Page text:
Karim Benzema's brilliance was the difference as Real Madrid stormed into a 3-1 lead over Chelsea last week.
The 34-year-old, as evergreen as they come, was at his sublime best once again with a sensational hat-trick at Stamford Bridge to put Madrid on the verge of reaching the Champions League semi-finals.
It followed on from his three goals in that remarkable comeback against Paris Saint-Germain in the round of 16 and it would not be unreasonable to expect Benzema to hit another hat-trick on Tuesday when Thomas Tuchel's reigning European champions visit the Santiago Bernabeu, such is the France international's prolific form.
"To say that we are dependent on Benzema is the truth, there is no need to hide it," said Carlo Ancelotti in Monday's news conference previewing the second leg.
"I am very happy to be dependent on Benzema."
While Benzema thrives with that dependence on his shoulders, Chelsea visit the Spanish capital without the striker they hoped would take them to the next level. It is safe to say that Romelu Lukaku's return to Stamford Bridge has not gone to plan.
Having rediscovered his best form over two seasons with Inter, driving the Nerazzurri to their first Serie A title in over a decade, Lukaku has come closer to resembling the much-maligned version of himself that struggled at Manchester United.
Lukaku will be absent through injury for what is his team's biggest game of the season, a rather fitting summary of how his second spell at Chelsea has played out so far.
All going wrong for Rom
It seemed the perfect match. Lukaku was fantastic for Inter, providing not only goals but also adding creativity to his game as he formed a supreme partnership with Lautaro Martinez.
Lukaku directly contributed to 35 goals in Serie A alone last season, converting 25 per cent of his 96 shots and creating 52 chances for team-mates, with 10 of those being big chances - defined by Opta as an opportunity from which a player would reasonably be expected to score.
The Belgian averaged a goal every 120 minutes and converted 20 of the 39 big chances that came his way, as Antonio Conte helped get Lukaku back to his best.
But matters could hardly be more different at Chelsea.
Lukaku has hinted that Tuchel's style does not suit his preferred way of playing, though his ability to drop deep and link the play at Inter seemed to have put the 28-year-old in good stead to do the same with the likes of Timo Werner, Kai Havertz, Mason Mount and Christian Pulisic in west London.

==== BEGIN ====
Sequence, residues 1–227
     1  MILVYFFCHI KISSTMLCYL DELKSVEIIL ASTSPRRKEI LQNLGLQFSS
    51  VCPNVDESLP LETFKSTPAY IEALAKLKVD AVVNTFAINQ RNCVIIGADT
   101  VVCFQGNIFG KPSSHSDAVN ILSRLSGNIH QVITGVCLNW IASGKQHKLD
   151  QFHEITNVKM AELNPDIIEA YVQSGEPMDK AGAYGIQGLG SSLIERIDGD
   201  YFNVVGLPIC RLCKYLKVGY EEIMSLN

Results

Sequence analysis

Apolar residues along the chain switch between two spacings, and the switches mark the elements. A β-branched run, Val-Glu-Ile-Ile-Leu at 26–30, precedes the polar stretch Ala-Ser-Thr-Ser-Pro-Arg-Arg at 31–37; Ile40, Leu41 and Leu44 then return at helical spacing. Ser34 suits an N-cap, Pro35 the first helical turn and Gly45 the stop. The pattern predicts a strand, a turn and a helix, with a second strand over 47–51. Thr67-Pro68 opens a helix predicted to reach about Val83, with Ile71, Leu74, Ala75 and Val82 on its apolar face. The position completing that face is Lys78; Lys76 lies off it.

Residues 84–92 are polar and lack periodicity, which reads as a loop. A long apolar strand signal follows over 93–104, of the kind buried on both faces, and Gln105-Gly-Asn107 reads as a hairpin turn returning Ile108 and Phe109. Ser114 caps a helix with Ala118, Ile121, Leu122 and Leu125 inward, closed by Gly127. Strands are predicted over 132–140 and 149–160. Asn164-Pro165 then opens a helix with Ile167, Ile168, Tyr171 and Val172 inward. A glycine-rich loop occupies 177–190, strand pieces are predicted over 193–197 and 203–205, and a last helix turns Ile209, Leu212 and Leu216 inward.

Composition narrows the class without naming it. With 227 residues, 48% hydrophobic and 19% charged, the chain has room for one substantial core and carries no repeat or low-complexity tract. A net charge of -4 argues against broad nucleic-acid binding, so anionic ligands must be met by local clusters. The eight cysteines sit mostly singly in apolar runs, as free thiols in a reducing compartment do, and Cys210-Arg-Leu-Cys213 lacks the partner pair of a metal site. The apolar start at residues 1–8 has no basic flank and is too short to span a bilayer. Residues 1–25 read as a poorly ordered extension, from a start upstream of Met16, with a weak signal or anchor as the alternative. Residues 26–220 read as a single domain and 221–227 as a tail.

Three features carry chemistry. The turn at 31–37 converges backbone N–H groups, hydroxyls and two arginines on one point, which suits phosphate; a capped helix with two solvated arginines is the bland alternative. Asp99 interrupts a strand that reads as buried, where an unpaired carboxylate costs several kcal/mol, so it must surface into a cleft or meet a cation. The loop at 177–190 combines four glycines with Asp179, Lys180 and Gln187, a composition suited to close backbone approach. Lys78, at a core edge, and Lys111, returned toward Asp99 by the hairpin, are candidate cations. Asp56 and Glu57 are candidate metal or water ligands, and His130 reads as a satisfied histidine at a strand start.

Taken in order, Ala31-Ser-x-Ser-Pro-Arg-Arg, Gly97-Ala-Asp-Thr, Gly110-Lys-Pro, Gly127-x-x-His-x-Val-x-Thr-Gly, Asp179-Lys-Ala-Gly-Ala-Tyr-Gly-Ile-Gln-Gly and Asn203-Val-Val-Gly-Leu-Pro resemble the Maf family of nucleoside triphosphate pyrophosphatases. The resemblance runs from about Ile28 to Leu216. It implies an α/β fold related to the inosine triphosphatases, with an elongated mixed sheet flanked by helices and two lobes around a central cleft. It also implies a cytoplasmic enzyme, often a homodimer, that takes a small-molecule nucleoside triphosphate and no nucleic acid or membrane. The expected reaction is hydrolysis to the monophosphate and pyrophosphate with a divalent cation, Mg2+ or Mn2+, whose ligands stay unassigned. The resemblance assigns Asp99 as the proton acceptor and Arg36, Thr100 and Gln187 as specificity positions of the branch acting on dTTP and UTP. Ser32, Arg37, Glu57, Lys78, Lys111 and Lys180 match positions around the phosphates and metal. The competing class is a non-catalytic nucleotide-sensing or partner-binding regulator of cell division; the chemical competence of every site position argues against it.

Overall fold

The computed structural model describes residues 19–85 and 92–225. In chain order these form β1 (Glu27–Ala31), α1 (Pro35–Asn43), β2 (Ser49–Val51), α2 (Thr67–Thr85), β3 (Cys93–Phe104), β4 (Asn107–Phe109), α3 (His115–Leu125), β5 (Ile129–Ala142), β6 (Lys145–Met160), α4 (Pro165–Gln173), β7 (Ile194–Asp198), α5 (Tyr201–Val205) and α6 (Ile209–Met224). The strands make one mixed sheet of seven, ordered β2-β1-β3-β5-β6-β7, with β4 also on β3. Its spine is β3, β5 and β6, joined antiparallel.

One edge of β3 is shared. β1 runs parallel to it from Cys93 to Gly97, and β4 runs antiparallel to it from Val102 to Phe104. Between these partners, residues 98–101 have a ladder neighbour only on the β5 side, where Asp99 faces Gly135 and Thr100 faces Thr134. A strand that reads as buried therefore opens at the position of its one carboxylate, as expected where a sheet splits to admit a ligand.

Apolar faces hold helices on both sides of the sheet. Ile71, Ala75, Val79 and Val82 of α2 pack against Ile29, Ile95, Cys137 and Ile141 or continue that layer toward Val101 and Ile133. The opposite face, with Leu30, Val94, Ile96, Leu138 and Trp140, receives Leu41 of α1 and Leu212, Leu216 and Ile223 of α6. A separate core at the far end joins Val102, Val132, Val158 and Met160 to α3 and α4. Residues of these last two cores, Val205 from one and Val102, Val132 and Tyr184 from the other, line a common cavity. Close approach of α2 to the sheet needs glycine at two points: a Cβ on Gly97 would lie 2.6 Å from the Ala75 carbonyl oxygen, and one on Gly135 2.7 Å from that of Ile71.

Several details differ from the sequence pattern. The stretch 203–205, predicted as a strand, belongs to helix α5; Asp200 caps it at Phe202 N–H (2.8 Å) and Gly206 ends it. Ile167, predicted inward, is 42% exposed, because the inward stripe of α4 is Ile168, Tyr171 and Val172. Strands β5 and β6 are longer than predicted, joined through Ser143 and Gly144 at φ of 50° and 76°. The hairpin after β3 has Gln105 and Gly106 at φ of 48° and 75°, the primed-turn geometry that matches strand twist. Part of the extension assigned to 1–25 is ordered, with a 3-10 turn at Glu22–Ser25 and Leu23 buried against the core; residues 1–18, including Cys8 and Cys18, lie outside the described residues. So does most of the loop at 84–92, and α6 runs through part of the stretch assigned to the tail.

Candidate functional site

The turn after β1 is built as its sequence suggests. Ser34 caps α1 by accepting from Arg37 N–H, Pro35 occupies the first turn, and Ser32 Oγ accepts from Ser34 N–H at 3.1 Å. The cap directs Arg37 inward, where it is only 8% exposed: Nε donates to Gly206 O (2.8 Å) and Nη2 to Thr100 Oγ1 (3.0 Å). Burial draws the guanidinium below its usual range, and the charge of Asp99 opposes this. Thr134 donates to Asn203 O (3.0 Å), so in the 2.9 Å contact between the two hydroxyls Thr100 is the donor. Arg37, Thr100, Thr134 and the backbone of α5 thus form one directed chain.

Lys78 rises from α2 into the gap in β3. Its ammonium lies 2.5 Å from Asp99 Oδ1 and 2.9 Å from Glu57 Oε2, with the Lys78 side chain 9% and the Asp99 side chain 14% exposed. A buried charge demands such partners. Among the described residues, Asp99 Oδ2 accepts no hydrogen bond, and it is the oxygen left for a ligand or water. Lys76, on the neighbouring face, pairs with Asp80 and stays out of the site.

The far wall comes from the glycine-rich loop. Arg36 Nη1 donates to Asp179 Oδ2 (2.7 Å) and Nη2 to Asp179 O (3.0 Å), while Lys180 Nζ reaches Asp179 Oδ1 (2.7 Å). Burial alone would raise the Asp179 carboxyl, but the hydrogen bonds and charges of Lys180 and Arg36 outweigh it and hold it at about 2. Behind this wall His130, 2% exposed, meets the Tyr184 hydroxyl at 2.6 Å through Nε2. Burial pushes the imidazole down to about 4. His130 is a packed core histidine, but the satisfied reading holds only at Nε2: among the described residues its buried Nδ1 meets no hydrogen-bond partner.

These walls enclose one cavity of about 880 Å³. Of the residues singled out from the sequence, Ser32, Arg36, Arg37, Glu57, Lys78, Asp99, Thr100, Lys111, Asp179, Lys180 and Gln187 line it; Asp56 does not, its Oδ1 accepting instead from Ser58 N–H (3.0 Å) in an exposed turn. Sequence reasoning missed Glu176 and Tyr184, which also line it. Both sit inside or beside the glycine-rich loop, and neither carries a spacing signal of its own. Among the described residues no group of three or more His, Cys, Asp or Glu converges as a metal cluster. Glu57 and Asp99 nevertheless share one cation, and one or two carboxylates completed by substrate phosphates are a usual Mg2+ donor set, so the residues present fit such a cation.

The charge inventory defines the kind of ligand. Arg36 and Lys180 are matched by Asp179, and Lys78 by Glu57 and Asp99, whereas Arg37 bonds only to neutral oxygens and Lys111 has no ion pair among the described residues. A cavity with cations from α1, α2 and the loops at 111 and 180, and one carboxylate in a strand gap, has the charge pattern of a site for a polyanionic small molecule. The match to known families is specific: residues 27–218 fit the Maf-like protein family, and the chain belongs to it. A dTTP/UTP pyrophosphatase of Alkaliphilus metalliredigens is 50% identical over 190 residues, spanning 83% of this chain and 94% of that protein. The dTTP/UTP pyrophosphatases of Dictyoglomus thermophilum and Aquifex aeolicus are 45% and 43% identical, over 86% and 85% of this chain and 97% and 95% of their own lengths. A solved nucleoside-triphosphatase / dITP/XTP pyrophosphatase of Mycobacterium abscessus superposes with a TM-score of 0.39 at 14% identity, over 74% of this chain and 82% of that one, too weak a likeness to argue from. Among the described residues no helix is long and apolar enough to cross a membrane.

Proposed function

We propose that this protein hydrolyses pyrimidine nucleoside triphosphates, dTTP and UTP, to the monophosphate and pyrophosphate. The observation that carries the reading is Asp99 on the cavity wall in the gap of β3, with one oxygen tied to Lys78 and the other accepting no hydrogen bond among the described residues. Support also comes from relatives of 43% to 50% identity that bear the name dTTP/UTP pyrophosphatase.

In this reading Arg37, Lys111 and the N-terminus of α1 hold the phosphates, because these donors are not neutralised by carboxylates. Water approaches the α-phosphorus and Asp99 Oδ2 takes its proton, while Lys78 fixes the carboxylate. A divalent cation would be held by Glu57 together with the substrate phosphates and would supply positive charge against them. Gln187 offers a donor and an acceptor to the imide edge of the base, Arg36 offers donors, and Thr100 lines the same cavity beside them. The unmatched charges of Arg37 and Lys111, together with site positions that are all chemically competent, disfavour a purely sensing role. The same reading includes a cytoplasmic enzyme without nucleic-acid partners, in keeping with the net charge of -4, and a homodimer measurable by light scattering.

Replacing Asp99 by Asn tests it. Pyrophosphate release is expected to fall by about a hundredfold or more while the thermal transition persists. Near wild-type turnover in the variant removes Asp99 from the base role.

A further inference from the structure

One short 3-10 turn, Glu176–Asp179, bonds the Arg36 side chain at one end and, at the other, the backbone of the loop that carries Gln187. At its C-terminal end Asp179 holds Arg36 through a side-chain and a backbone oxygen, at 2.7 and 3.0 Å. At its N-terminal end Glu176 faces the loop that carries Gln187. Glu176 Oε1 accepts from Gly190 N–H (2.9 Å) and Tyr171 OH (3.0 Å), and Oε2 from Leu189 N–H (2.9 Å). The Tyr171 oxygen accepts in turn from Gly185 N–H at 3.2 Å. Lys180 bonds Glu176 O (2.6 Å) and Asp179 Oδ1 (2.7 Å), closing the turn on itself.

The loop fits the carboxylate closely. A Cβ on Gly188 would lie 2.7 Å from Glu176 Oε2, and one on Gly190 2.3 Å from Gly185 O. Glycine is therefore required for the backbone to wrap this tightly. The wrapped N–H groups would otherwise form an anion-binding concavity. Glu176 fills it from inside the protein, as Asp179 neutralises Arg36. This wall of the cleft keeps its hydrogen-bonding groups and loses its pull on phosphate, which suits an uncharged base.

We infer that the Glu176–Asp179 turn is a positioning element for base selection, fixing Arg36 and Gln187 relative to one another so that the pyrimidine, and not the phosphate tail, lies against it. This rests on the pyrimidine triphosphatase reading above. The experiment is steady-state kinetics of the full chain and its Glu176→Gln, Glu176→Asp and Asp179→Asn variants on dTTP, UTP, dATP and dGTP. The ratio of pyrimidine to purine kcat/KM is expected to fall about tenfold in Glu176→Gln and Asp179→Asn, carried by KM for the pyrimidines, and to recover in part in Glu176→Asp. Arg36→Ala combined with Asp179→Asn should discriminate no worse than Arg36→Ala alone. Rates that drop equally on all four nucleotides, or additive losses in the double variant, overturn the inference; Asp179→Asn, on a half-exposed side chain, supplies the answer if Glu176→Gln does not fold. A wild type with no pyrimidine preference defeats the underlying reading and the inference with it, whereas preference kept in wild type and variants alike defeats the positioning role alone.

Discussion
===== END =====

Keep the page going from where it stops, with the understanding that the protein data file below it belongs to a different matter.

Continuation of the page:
The drop-off has been significant – just 12 Premier League starts, five goals and zero assists, while he has created only 16 opportunities and converted 17.2 per cent of his 29 shots, just 11 of which have been on target.
Lukaku's 12 goals in all competitions do slightly exceed his expected goals (xG) of 11.8, showing he is at least scoring at a rate that reflects the quality of chances that have come his way, though he headed wide from Chelsea's best opportunity of the first leg (0.29 xG).
Chelsea won the Champions League without a recognised number nine, given Tammy Abraham's failure to cement a place under Tuchel and Werner's hit-and-miss form, which has continued into this campaign.
Indeed, Havertz netted the winner in Porto against Manchester City last May and in recent weeks has been the player Tuchel has utilised to lead Chelsea's line, even with Lukaku fit. It was the Germany forward who scored for the Blues against Madrid last week and he seems set to continue up front.
All going right for Benzema
In contrast, Benzema is at the very top of his game. His hat-trick at the Bridge took him to 37 goals for the season. That tally far exceeds his xG (28.3), illustrating just how excellent his finishing has been.
That supreme ability was on show in all its glory in the first leg. His opener was a quite wonderful header that he somehow kept down and floated beyond Edouard Mendy - Opta's xG model suggests there was just an eight per cent chance of that opportunity resulting in a goal.
Benzema's second, another header under three minutes later, was equally impressive, while his third came as a result of his aggression in the press, forcing a mistake that gave him a simple finish into an empty net.
Similar to Lukaku in Serie A last season, Benzema is converting roughly a quarter of his attempts across all competitions, and he has already crafted 66 chances for others and contributed 13 assists.
Of strikers in Europe's top five leagues, only Robert Lewandowski has scored more goals than the Frenchman, who has as many assists as Lionel Messi and scores every 84 minutes.
Benzema is the heartbeat of a Madrid side pushing for a double, crucial to everything Los Blancos do in attack, dropping into midfield to aid the build-up as well as being in the right place to finish chances.
Lukaku, meanwhile, is on the periphery at Chelsea and though the £97.5million (€115m) outlay may yet prove worthwhile, he is not going to be able to stand up and be counted when his side might just need him the most.
That, perhaps, is a sign it was simply never meant to be for Lukaku at Chelsea after all.